Alas, camera owners far out number photographers ...
Amen to that brother!! Hey if people are expressing themselves or capturing memories with smartphones all the power to them. For most it's about creating something that is meaningful to themselves and those close to them. It's a device not a religious icon. Serious hobbyists such as those that frequent APUG have always been in the minority of those creating photographs. Most people creating photographic images use what is fast and easy. The majors like Canon and Nikon have for the most part burned out many semi-serious hobbyists with their constant new camera releases. Most except the really stupid have learned they were duped by the manufacturers when they were sucked into the pixel wars. I feel that many photographers have decided the digi cam they have right now will be just fine for some time to come. Rather than feeling they need to upgrade bi-yearly or less due to the BS pixel war, they will go back to the upgrade cycle that was more or less the same as it was during the Nikon F days. The Canon and Nikon business plan can no longer support this shift. I can see them becoming boutique camera manufacturers like Leica in the very near future.
The point and shoots of the 1980's and 1990's shrank the market for high end SLR long before the smartphone came along. The smartphones have ruined things for everyone, as young folks cannot be bothered to carry a second device along...they've already integrated the GPS (ruining the market for separate GPS) they have integrated music playing, ruining the market for separate MP4 players which had ruined the market of CD players.
yes I so agree, that often makes me laugh, all the looks people love on Iphone apps, or other digital equivalents....they all imitate old analogue styles and historic processes. I tried to learn the real thing, and when you do, you know digital is way easier, but the real thing is even more beautiful.
Is it really smart phones taking over, or is it the "me too" people, who bought into expensive DSLR systems (where's in the past they would have been happy with a P&S) finally realising that owning such a camera does not automatically mean better pictures.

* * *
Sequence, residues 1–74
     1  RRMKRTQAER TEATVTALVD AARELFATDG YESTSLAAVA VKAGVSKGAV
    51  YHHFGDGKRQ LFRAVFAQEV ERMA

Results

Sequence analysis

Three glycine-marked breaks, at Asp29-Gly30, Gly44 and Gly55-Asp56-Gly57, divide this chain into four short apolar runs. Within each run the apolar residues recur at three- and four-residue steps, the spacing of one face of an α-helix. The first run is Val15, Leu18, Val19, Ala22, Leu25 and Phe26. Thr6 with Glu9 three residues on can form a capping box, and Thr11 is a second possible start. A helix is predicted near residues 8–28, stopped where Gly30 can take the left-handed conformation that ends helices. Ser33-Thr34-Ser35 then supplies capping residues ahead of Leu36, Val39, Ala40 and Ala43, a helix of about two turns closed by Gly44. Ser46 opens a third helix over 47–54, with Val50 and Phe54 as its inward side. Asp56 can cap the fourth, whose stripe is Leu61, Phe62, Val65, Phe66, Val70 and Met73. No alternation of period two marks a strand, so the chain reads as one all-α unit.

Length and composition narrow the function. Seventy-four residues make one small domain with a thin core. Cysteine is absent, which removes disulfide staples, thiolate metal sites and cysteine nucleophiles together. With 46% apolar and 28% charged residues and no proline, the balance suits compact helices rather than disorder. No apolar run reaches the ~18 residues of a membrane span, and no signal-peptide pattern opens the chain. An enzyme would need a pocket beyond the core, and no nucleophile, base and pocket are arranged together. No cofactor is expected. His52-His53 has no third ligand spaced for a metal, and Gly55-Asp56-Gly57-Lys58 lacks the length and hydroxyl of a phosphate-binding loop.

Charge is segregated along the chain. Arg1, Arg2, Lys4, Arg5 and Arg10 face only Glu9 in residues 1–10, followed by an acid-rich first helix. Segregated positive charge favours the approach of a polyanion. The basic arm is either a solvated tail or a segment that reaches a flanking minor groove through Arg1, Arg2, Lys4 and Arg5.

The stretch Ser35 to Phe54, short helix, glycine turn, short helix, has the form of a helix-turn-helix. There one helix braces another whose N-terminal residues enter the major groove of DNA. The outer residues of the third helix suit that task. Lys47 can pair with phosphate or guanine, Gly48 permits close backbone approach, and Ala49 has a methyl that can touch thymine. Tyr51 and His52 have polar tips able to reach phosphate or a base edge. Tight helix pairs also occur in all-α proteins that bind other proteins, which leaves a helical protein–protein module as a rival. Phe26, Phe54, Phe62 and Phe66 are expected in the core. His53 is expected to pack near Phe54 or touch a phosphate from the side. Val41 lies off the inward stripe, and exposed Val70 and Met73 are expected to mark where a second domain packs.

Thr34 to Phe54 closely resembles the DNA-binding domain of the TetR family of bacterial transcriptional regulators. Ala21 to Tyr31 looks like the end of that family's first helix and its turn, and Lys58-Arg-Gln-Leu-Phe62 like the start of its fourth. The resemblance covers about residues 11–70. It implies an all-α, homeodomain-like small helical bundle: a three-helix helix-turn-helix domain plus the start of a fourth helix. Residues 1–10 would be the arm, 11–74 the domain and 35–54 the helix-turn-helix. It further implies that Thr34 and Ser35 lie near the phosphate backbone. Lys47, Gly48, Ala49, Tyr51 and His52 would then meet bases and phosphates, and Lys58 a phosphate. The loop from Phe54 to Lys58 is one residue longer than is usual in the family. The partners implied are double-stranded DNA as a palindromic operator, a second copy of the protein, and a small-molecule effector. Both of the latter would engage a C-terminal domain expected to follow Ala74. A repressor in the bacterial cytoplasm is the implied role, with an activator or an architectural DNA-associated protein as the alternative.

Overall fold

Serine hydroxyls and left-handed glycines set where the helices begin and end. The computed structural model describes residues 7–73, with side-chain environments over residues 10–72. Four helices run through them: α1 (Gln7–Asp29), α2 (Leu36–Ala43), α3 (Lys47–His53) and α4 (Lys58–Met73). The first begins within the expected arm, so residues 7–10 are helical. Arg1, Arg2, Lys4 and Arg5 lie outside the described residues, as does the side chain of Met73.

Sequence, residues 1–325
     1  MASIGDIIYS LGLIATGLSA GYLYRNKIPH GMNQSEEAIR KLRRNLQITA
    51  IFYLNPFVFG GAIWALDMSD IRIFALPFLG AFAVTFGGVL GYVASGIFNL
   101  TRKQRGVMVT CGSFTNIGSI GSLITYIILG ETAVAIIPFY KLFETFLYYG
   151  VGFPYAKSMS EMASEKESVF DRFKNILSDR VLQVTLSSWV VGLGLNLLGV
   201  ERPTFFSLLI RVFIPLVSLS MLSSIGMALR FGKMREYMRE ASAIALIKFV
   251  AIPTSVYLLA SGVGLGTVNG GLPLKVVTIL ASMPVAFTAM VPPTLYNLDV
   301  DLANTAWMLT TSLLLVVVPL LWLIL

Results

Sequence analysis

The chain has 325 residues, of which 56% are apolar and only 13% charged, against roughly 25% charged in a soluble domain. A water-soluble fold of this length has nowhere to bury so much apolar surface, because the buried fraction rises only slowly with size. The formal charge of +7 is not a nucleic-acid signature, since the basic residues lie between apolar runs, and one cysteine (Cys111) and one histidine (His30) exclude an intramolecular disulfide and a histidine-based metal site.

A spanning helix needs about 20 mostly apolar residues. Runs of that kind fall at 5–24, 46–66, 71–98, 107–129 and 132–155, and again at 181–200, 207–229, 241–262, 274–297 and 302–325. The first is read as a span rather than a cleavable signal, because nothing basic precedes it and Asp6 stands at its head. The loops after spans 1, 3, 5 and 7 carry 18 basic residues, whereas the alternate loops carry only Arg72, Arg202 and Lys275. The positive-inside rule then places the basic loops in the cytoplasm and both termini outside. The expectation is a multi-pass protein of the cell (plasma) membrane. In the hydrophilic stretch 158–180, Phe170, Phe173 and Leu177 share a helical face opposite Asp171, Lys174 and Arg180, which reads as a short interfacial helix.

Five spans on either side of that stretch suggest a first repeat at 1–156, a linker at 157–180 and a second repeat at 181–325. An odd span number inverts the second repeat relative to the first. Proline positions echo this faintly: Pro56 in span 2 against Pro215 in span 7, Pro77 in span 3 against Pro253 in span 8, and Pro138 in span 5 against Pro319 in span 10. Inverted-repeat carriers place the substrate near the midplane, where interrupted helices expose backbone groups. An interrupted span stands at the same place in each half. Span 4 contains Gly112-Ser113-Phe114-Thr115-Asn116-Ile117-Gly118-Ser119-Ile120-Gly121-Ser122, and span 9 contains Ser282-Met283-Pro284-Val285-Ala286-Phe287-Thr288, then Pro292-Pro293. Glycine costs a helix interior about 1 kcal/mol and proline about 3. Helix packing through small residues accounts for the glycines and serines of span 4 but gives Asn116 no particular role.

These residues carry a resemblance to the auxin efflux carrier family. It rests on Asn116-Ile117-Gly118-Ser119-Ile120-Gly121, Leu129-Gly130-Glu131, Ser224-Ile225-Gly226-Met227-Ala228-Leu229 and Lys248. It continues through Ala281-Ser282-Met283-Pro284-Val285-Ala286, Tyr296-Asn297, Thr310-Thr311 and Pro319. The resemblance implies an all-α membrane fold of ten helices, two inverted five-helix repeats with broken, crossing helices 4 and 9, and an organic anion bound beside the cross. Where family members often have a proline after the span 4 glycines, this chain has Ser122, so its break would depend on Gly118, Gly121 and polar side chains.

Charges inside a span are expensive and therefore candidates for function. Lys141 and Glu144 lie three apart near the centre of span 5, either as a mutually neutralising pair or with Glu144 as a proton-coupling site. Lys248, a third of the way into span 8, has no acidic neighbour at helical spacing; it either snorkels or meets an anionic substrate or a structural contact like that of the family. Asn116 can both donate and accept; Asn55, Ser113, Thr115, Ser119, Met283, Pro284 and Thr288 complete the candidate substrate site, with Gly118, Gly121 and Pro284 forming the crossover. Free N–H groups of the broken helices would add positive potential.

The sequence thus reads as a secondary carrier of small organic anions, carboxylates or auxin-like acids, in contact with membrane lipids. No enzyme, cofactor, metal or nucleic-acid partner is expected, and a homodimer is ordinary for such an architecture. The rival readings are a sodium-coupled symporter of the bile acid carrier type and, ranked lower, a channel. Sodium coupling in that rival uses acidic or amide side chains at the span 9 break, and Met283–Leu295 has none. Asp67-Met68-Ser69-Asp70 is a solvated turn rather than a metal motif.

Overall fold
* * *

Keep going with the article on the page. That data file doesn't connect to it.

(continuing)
I have said it before, high end photo gear is the tech hobby of the noughties (just like camcorders were in the late 80's and 90's). Go to any event and note how many white lenses are hanging off the end of a camera. Then think back 20 years and compare.
The noughties are over and they are all moving onto the next "big thing".
Good cameras will always be status symbols, just the types preferred and the social signals they send will change over time. Phones are wiping out the P&S market (just like digi-P&Ses wiped out 35mm film for casual happy-snaps) but I don't believe they'll make much dent in the DSLR market because they serve such very different purposes at different quality levels.
The big Japanese DSLR manufacturers had major (and, I think, ahistorical) boomtime in the 2000's when DSLRs became affordable so a whole bunch of people entered the market that previously couldn't afford to. People like me (16-25 years olds with little income) who were not previously able to afford to do serious photography suddenly could for about $1000. Now everyone who wants a DSLR has got one or can buy-in secondhand for under $500, so sales are levelling off and maybe falling soon; it's got nothing to do (IMHO) with phones but rather the market is just saturated. What do you expect to happen when there are more cameras than people who (think they) care about photography?
Despite the APUG trolls banging on about digital being disposable, plenty of people buy a DSLR and use it for a decade or more. Most decent DSLRs should run happily for 20 years unless abused, especially for the typical/casual 2000 actuations/year user. Hell, I shoot a fair bit and my DSLR is 6 years old; my mother's is 7 and there's no way she'll buy a new one until it breaks. Probably I'll just give her mine in a couple of years and it'll go forever. Just like my RZ is about 25 years old and I'll probably still be using the same body in another 20 years unless I drop it.
You also have to remember that many of the higher end DSLR and at least one "higher end" mirrorless camera had sales boosts thanks to people buying for video. The Canon 5d mark2/3, the 7d and the Panasonic GH1/GH2 were purchased in very large numbers buy guys wanting the larger sensors for video. That market has mostly moved on to the BlackMagic Designs Cinema cameras and to a lesser degree the Red Scarlet. That is bound to hurt Canon and Panasonic still camera sales. Combine that loss at the top the movement from DSLR to cameras like the Fuji X series and Olympus Micro4/3 cameras and I can easily see a significant hit.
Also the "megapixel war" seems to be over, at least in the mind of the public. Most people are happy enough with 10 or 12 megapixel and don't have any desire to shoot in RAW. When cameras like the D3200 with, IIRC 24MP, come out and they don't see a big jump in quality when they post on facebook or instagram why would they ever feel like they need to upgrade?